Jane Eyre

by: Charlotte Brontë

Themes

Although Jane ends up rejecting all three models of religion, she does not abandon morality, spiritualism, or a belief in a Christian God. When her wedding is interrupted, she prays to God for solace (Chapter 26). As she wanders the heath, poor and starving, she puts her survival in the hands of God (Chapter 28). She strongly objects to Rochester’s lustful immorality, and she refuses to consider living with him while church and state still deem him married to another woman. Even so, Jane can barely bring herself to leave the only love she has ever known. She credits God with helping her to escape what she knows would have been an immoral life (Chapter 27).

Jane ultimately finds a comfortable middle ground. Her spiritual understanding is not hateful and oppressive like Brocklehurst’s, nor does it require retreat from the everyday world as Helen’s and St. John’s religions do. For Jane, religion helps curb immoderate passions, and it spurs one on to worldly efforts and achievements. These achievements include full self-knowledge and complete faith in God.

Social Class

Jane Eyre is critical of Victorian England’s strict social hierarchy. Brontë’s exploration of the complicated social position of governesses is perhaps the novel’s most important treatment of this theme. Like Heathcliff in Wuthering Heights, Jane is a figure of ambiguous class standing and, consequently, a source of extreme tension for the characters around her. Jane’s manners, sophistication, and education are those of an aristocrat, because Victorian governesses, who tutored children in etiquette as well as academics, were expected to possess the “culture” of the aristocracy. Yet, as paid employees, they were more or less treated as servants; thus, Jane remains penniless and powerless while at Thornfield. Jane’s understanding of the double standard crystallizes when she becomes aware of her feelings for Rochester; she is his intellectual, but not his social, equal. Even before the crisis surrounding Bertha Mason, Jane is hesitant to marry Rochester because she senses that she would feel indebted to him for “condescending” to marry her. Jane’s distress, which appears most strongly in Chapter 17, seems to be Brontë’s critique of Victorian class attitudes.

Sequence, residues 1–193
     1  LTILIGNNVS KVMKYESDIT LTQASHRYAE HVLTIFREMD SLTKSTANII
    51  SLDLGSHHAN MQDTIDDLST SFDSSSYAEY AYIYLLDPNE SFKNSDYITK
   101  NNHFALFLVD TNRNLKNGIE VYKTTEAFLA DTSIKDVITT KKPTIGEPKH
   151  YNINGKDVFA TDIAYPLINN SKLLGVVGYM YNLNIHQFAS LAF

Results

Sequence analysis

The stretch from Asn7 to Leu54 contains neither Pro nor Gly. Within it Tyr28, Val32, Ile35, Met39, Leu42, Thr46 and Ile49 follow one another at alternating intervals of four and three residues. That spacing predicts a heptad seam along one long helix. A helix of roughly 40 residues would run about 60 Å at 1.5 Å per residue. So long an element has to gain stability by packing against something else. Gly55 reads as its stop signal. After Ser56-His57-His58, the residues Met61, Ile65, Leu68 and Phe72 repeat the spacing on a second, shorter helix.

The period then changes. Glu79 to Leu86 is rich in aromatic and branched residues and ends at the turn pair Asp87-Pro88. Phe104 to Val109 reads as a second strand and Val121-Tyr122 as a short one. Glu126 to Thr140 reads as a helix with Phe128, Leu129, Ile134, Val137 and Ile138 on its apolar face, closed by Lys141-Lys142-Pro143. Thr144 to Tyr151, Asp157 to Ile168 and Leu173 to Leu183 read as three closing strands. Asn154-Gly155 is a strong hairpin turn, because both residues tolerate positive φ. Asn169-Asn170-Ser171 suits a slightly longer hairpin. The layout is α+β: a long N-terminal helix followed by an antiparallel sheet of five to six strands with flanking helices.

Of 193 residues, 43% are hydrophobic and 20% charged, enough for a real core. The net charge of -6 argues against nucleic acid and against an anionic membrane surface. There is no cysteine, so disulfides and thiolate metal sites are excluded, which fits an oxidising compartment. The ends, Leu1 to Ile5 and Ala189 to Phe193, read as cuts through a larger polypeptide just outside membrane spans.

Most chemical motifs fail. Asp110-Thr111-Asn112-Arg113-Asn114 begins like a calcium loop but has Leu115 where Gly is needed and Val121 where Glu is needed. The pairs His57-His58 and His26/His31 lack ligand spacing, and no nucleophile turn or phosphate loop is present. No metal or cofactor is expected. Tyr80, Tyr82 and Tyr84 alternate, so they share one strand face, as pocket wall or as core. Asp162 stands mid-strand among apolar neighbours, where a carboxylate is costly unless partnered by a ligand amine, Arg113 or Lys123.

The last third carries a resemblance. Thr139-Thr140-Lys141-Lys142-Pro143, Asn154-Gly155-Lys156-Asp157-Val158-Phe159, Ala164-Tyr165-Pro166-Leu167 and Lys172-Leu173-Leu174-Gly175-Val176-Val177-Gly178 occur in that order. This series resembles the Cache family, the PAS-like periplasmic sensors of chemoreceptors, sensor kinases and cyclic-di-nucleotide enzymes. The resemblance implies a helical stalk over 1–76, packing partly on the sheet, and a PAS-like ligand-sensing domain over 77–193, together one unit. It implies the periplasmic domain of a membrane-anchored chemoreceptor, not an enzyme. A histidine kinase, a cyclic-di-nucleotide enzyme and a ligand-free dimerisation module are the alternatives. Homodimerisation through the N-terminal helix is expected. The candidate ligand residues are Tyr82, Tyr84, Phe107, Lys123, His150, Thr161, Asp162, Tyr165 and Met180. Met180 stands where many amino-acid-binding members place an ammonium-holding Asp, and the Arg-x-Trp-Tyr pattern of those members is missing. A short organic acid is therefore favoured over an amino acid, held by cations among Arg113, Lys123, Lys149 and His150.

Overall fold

Jane herself speaks out against class prejudice at certain moments in the book. For example, in Chapter 23 she chastises Rochester: “Do you think, because I am poor, obscure, plain, and little, I am soulless and heartless? You think wrong!—I have as much soul as you—and full as much heart! And if God had gifted me with some beauty and much wealth, I should have made it as hard for you to leave me, as it is now for me to leave you.” However, it is also important to note that nowhere in Jane Eyre are society’s boundaries bent. Ultimately, Jane is only able to marry Rochester as his equal because she has almost magically come into her own inheritance from her uncle.

Gender Relations

Jane struggles continually to achieve equality and to overcome oppression. In addition to class hierarchy, she must fight against patriarchal domination—against those who believe women to be inferior to men and try to treat them as such. Three central male figures threaten her desire for equality and dignity: Mr. Brocklehurst, Edward Rochester, and St. John Rivers. All three are misogynistic on some level. Each tries to keep Jane in a submissive position, where she is unable to express her own thoughts and feelings. In her quest for independence and self-knowledge, Jane must escape Brocklehurst, reject St. John, and come to Rochester only after ensuring that they may marry as equals. This last condition is met once Jane proves herself able to function, through the time she spends at Moor House, in a community and in a family. She will not depend solely on Rochester for love and she can be financially independent. Furthermore, Rochester is blind at the novel’s end and thus dependent upon Jane to be his “prop and guide.” In Chapter 12, Jane articulates what was for her time a radically feminist philosophy:

Women are supposed to be very calm generally: but women feel just as men feel; they need exercise for their faculties, and a field for their efforts as much as their brothers do; they suffer from too rigid a restraint, too absolute a stagnation, precisely as men would suffer; and it is narrow-minded in their more privileged fellow-creatures to say that they ought to confine themselves to making puddings and knitting stockings, to playing on the piano and embroidering bags. It is thoughtless to condemn them, or laugh at them, if they seek to do more or learn more than custom has pronounced necessary for their sex.